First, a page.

The state Education Department has until February to craft curriculums. The law requires that the courses be taught "in an objective and nondevotional manner with no attempt made to indoctrinate students."

The state's new Ten Commandments law was prompted by controversy over the posting of the commandments at the Barrow County Courthouse. A federal judge ordered the display removed in July. Backers of the law made clear they were trying to craft a statute that would survive any constitutional challenges. In a split decision last June, the U.S. Supreme Court declared exhibits of the Ten Commandments constitutional if their main purpose was to honor the nation's legal, rather than religious, traditions, and if they didn't promote one religious sect over another. Both bills passed the state Legislature by comfortable margins.


Muslim women demand single-sex gym workouts

Never mind that this is a business that caters to both men and women and there are women-only fitness companies operating in this area that they could go to. Even providing separate exercise areas is not enough, apparently. Men have to be banned from the premises altogether on certain days. Dearborn, Michigan is home to one of the largest populations of Arabs outside of the Middle East. Another step on a slippery slope that will make us all follow the rules of Islam.

About 200 Muslim women have asked the Fitness USA chain to honor what they say was its promise to provide separate exercise times for women and men. They say they need single-sex workout times to accommodate Islam's standards of modesty. Arrwa Mogalli, 28, of Dearborn said that she agreed to buy a $1,465 lifetime membership with the chain after being promised that its Lincoln Park facility would be open only to women on certain days. This month, the gym in this southern Detroit suburb decided to open up part of the center to both sexes every day. "I felt like all the money I just spent ... has gone to waste," Mogalli said.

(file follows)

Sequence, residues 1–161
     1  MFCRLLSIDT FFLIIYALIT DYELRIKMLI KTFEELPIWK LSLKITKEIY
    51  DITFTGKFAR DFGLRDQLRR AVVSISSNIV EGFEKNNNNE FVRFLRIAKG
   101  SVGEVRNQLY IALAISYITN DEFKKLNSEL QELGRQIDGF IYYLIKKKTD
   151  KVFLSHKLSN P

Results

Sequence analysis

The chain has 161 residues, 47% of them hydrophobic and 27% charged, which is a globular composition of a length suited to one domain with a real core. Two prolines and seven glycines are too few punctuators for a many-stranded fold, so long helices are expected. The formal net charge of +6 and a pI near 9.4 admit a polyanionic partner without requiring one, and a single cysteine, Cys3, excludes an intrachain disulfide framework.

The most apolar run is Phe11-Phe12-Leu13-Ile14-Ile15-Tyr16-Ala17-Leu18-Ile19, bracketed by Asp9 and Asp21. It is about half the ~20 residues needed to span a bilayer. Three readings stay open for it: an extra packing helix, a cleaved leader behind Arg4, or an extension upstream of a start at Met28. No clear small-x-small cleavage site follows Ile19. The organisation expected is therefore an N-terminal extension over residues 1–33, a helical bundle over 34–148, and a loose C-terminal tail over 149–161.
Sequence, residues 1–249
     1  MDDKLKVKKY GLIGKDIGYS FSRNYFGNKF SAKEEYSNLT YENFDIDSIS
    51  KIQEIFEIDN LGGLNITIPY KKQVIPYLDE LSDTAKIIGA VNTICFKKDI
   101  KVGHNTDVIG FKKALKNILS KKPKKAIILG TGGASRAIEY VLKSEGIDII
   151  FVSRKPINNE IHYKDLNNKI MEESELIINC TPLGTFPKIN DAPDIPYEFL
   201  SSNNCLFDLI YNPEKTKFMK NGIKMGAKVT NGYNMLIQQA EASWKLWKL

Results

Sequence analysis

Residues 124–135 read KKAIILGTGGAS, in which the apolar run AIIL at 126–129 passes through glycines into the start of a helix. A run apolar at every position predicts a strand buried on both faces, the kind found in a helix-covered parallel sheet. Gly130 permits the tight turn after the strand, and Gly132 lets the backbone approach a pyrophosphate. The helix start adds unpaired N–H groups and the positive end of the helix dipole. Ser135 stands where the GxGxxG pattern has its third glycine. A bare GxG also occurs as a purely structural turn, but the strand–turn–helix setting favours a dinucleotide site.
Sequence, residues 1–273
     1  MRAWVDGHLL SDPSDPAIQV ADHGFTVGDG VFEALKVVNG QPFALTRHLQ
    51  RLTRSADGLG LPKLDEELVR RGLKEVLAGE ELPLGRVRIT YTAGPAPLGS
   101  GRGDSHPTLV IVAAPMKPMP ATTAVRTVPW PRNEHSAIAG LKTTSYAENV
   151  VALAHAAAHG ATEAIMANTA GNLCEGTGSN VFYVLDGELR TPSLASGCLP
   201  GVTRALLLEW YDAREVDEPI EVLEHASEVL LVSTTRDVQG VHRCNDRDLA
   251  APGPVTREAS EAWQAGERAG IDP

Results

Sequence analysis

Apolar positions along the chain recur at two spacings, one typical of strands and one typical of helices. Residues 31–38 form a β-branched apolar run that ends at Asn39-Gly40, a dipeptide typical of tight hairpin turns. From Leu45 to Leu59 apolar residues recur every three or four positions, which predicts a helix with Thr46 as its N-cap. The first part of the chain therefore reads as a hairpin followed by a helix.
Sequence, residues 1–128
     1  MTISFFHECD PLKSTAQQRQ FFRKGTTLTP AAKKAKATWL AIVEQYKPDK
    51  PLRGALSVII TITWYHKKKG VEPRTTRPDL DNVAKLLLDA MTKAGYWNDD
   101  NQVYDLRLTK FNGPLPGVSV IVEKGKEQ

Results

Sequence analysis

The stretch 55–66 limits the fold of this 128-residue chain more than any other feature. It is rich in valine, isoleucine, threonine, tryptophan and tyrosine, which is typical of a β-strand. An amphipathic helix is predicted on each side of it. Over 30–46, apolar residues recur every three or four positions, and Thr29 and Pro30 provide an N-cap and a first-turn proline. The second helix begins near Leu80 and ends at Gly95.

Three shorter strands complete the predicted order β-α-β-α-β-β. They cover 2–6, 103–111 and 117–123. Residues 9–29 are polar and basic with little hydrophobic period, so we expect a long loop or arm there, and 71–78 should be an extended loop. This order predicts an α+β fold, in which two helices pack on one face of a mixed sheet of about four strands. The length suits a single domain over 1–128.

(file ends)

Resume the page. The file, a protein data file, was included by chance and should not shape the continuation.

Mogalli is among about 200 women with Fitness USA memberships who have signed a petition asking the chain to restore single-sex exercise days for the entire gym or to put up a divider so men and women cannot see each other while exercising. Fitness USA officials met Tuesday with petition drive supporter Ammerah Saidi and Dawud Walid, executive director of the Michigan branch of the Council on American-Islamic Relations, at the company's corporate office in West Bloomfield. "We don't want to punish" Fitness USA, Walid said. "We just want to make matters right."

The company is reviewing the women's concerns, said Jodi Berry, administrative director for Fitness USA. But the company said that the women's written contracts say nothing about gender.

Southeastern Michigan, home to about 300,000 Arab-Americans, has undergone some changes because of the growing Muslim presence. Public schools in Dearborn offered single-sex physical education classes for several years in response to requests from some Muslim parents. "In Islam, there are codes of modesty for both genders," Saidi, a 23-year-old lifetime Fitness USA member from Dearborn, told the Detroit Free Press this week. "When you're working out, you're not dressed modestly, and you're bending in provocative ways, so you can't be working out with the opposite gender."

Saidi said she joined Fitness USA last year because managers repeatedly gave oral promises that there would be single-sex workout days at some facilities. She said people of other faiths, including Orthodox Jews and some Christians, share similar concerns.

At the Dearborn location, women can work out without men on Monday, Wednesday and Friday. In Lincoln Park, Tuesday, Thursday and Saturday are women's days. There also are women-only days on alternate Sundays in Westland.